BRATTLEBORO—It’s a busy Monday afternoon at the Brattleboro Area Drop In Center, and Food Shelf Coordinator Denise Nuccio knows why.
“It’s the last week of the month, and people are running out of money,” she said.
The waiting room is jammed with people waiting for their turn to go into the food shelf area to pick enough groceries to get through the remainder of the month — until their next 3SquaresVT payment comes in.
Nuccio has already made two trips this day to Vermont Foodbank’s warehouse on Putney Road and stuffed her small SUV with various surplus food items that the Foodbank needed to clear out in a hurry.
She called clients to her car and told them to take what they needed. The SUV was empty within two hours.
Nuccio has only been on the job for a month, but she is able to control the chaos around her and make sure people will walk away with what they need.
Lucie Fortier, the Drop In Center’s executive director, said she’s been making changes to the food shelf as the mix of food that’s available from the Foodbank has changed.
“We’re not getting as many canned goods and pre-packaged food from the Foodbank, so the focus has shifted to healthier eating,” Fortier said. “But we still need canned goods for our homeless guys, so we try to put some aside for them.”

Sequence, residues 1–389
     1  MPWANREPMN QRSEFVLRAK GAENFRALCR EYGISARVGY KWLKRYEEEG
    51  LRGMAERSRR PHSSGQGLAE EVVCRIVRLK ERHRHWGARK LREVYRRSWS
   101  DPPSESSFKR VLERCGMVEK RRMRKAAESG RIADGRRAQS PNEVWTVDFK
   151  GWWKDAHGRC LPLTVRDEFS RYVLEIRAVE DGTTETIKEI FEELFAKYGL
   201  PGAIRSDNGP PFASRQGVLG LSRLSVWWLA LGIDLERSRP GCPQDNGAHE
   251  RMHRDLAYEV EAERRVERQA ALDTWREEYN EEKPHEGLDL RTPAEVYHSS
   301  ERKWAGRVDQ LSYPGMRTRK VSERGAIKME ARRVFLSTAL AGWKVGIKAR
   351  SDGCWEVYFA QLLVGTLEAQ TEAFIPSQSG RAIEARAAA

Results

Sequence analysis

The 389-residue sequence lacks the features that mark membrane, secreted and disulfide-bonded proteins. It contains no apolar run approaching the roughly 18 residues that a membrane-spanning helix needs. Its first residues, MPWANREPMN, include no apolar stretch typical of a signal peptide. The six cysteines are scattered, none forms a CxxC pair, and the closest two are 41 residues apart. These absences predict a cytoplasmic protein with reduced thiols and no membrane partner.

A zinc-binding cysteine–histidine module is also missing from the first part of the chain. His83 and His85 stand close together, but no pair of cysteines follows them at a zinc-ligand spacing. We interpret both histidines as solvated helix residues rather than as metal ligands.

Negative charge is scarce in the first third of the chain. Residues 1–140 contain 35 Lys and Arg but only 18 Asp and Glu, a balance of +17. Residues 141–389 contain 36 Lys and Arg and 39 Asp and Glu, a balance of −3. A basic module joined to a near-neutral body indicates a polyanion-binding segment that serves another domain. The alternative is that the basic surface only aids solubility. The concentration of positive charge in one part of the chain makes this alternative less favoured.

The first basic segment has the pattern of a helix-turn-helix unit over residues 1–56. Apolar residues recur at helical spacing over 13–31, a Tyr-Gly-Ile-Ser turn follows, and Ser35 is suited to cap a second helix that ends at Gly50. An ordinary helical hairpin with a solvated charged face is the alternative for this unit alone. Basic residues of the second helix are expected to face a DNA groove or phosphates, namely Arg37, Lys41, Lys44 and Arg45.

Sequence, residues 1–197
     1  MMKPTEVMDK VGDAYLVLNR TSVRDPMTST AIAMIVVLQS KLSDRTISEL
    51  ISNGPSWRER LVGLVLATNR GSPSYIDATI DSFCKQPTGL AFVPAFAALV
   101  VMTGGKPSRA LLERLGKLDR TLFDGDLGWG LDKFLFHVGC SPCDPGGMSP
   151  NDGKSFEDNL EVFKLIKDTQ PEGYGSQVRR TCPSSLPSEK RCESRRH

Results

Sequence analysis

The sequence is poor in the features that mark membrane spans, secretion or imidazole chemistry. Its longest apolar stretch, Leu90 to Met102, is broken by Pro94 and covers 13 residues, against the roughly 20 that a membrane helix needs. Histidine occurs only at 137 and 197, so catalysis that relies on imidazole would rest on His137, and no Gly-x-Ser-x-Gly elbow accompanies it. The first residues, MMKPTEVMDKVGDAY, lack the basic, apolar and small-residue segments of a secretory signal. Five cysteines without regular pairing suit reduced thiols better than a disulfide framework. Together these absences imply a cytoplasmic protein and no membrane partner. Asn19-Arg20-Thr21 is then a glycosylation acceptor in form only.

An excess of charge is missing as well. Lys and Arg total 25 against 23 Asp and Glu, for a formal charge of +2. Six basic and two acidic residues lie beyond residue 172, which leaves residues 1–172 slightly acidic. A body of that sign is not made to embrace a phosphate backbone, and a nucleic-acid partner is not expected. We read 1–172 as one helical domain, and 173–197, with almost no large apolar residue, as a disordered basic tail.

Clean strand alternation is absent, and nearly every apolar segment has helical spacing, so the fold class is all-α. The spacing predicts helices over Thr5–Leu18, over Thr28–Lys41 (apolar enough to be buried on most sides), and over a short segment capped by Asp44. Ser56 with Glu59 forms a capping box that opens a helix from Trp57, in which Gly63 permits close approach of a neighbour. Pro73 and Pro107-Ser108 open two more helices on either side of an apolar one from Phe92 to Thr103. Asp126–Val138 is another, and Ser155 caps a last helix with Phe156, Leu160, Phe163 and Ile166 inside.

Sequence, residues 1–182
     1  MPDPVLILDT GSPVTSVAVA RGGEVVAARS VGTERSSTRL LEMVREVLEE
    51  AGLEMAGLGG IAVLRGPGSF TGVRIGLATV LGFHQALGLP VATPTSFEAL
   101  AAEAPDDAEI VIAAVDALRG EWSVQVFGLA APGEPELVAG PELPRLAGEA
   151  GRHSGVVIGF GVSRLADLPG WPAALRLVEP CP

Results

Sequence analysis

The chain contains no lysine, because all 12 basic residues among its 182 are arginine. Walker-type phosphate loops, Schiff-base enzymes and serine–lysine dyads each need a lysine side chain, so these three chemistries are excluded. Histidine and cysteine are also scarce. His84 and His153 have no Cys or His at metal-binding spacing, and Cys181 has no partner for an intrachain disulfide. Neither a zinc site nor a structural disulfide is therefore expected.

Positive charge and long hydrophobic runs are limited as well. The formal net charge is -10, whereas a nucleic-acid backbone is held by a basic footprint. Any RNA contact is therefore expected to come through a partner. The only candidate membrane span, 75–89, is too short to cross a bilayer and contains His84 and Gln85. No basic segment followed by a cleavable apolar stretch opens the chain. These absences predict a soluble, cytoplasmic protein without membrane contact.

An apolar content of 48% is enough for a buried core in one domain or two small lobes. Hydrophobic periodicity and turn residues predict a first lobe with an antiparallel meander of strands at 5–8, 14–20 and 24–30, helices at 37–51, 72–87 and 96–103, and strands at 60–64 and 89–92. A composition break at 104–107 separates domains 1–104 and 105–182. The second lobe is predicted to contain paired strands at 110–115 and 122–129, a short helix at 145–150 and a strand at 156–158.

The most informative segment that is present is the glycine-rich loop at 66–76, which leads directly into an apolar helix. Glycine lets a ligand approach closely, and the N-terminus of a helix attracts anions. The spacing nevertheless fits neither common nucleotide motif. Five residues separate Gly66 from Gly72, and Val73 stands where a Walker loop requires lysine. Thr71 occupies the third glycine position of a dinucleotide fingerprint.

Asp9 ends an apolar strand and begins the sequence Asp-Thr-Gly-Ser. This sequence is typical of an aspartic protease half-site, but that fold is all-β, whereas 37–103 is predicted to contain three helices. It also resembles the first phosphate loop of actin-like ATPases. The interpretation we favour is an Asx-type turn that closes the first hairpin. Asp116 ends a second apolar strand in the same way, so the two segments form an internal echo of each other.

Last summer, Fortier said her food shelf started getting more fresh fruits and vegetables. With winter lingering, the fresh veggies have dwindled down to bags of potatoes, carrots, and onions, and the food shelf staff is making the best of what it gets.
More cheese is showing up, as Cabot Creamery and Grafton Village Cheddar donate more of their products. And grocery stores are donating their short-dated baked goods and meats, freezing items before they hit their expiration date.
The food donated from the Feed The Thousands food drive in December is nearly gone, and Fortier said that the Drop In Center always appreciates donation of non-perishables for their clients — think tuna, peanut butter, pasta and sauces, dry milk, soups and crackers, rice and instant potatoes, canned and boxed meals, canned fruits and vegetables, juices, cereal, and canned protein such as beans and meats.
The need doesn’t end because the holidays, and a long winter since, already have, Fortier suggested.